The next several chapters will be describing the basic data structures that every programming language provides, their usage, and the most important algorithms relevant to them. And we'll start with the notion of a data-structure and tuples or structs that are the most primitive and essential one. Here is a snippet from this chapter.

## Data Structures vs Algorithms

Let's start with a somewhat abstract question: what's more important, algorithms or data structures?

From one point of view, algorithms are the essence of many programs, while data structures may seem secondary. Besides, although a majority of algorithms rely on certain features of particular data structures, not all do. Good examples of the data-structure-relying algorithms are heapsort, search using BSTs, and union-find. And of the second type: the sieve of Erastophenes and consistent hashing.

At the same time, some seasoned developers state that when the right data structure is found, the algorithm will almost write itself. Linus Torvalds, the creator of Linux, is quoted saying:

Bad programmers worry about the code. Good programmers worry about data structures and their relationships.

A somewhat less poignant version of the same idea is formulated in the Art of Unix Programming by Eric S. Raymond as the "Rule of Representation":

Fold knowledge into data so program logic can be stupid and robust.

Even the simplest procedural logic is hard for humans to verify, but quite complex data structures are fairly easy to model and reason about. To see this, compare the expressiveness and explanatory power of a diagram of (say) a fifty-node pointer tree with a flowchart of a fifty-line program. Or, compare an array initializer expressing a conversion table with an equivalent switch statement. The difference in transparency and clarity is dramatic.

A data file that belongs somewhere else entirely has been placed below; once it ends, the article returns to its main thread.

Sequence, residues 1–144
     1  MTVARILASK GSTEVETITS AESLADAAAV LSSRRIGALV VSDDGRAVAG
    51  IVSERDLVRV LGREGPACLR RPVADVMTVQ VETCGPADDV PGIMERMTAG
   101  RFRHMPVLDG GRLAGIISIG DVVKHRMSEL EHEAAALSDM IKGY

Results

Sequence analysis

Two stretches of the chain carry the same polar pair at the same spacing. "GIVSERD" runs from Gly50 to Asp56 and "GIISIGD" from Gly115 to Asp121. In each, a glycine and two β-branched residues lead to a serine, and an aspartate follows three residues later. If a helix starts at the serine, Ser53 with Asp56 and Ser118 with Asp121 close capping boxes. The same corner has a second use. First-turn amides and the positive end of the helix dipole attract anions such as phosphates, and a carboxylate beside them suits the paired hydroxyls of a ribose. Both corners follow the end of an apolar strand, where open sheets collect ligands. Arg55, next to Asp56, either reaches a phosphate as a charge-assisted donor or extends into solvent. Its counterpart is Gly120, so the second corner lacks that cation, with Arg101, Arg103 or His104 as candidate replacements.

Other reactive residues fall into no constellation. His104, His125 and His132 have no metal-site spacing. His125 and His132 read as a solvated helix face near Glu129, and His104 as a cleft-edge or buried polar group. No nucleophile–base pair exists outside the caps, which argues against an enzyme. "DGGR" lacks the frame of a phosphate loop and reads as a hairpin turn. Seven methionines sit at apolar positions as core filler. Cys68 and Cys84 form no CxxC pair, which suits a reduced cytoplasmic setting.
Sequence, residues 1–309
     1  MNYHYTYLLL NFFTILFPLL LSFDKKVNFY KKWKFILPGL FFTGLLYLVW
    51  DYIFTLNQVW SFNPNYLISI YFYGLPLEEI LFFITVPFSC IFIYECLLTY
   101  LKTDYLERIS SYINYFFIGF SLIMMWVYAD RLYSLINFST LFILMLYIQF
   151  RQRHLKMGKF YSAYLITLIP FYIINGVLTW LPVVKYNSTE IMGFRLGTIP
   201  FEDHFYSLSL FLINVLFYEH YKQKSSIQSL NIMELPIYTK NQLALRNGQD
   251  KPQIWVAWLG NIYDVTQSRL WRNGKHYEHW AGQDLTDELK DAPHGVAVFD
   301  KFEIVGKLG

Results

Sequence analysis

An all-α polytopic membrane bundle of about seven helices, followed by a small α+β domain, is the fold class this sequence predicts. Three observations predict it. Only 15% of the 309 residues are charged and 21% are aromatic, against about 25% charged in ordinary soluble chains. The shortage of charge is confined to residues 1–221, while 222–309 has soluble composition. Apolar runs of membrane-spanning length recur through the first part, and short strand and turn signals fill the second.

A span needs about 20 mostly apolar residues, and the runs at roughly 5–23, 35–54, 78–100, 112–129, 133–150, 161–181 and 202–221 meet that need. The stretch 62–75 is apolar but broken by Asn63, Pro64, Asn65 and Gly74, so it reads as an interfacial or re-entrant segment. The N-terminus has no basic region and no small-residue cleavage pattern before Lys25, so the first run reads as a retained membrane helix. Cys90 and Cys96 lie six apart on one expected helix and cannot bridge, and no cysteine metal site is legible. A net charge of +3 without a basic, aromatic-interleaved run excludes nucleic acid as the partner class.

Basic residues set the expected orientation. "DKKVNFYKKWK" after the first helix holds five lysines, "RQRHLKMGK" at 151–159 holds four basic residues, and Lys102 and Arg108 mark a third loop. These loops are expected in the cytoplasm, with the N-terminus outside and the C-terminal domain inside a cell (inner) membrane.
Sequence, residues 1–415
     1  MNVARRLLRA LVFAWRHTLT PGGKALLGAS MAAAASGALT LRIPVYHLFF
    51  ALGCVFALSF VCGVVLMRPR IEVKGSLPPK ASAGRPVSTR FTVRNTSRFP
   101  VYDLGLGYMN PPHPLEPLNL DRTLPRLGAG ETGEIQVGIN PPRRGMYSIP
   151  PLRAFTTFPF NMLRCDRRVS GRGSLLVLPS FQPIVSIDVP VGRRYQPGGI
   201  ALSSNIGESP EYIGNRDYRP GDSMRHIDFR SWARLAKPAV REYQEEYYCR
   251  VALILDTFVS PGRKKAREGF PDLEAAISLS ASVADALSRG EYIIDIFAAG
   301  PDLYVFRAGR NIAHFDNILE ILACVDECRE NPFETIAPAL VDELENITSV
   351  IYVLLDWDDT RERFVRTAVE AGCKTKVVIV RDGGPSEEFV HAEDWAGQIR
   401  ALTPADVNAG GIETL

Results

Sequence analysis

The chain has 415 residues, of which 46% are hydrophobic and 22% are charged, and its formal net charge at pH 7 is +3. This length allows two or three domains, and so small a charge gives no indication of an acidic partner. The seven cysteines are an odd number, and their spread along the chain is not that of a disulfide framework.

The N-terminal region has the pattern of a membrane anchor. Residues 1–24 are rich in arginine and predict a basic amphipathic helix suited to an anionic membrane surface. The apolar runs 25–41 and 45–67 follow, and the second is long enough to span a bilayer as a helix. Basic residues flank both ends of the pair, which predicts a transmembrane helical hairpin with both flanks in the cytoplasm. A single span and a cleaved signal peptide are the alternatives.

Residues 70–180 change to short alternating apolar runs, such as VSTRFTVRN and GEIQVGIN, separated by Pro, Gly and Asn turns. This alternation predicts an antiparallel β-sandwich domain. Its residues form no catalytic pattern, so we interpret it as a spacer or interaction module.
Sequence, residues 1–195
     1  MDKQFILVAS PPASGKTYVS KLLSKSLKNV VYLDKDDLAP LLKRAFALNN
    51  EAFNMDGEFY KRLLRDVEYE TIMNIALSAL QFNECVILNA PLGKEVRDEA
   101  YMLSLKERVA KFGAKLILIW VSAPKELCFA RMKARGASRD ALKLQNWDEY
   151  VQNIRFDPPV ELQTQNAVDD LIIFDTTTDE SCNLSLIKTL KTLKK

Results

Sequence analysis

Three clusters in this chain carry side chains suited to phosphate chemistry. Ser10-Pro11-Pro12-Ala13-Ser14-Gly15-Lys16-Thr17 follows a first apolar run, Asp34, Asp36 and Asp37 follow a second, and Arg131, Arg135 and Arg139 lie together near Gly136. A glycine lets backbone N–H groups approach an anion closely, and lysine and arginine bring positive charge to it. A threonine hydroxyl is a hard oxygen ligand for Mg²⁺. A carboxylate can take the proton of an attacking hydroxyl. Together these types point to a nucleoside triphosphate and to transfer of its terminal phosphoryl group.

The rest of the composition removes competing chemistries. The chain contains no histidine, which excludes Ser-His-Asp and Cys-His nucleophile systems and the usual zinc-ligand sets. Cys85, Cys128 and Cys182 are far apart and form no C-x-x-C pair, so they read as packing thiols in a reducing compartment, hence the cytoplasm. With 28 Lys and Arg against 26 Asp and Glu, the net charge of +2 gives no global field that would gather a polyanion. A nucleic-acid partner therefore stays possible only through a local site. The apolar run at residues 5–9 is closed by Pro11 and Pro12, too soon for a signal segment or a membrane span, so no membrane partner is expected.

Data is more tractable than program logic. It follows that where you see a choice between complexity in data structures and complexity in code, choose the former. More: in evolving a design, you should actively seek ways to shift complexity from code to data.

Data structures are more static than algorithms. Surely, most of them allow change of their contents over time, but there are certain invariants that always hold. This allows reasoning by simple induction: consider only two (or at least a small number of) cases, the base one(s) and the general. In other words, data structures remove, in the main, the notion of time from consideration, and change over time is one of the major causes of program complexity. In other words, data structures are declarative, while most of the algorithms are imperative. The advantage of the declarative approach is that you don't have to imagine (trace) the flow of time through it.

So, this book, like most other books on the subject, is organized around data structures. The majority of the chapters present a particular structure, its properties and interface, and explain the algorithms, associated with it, showing its real-world use cases. Yet, some important algorithms don't require a particular data structure, so there are also several chapters dedicated exclusively to them.

More information about the book may be found on **its website**.

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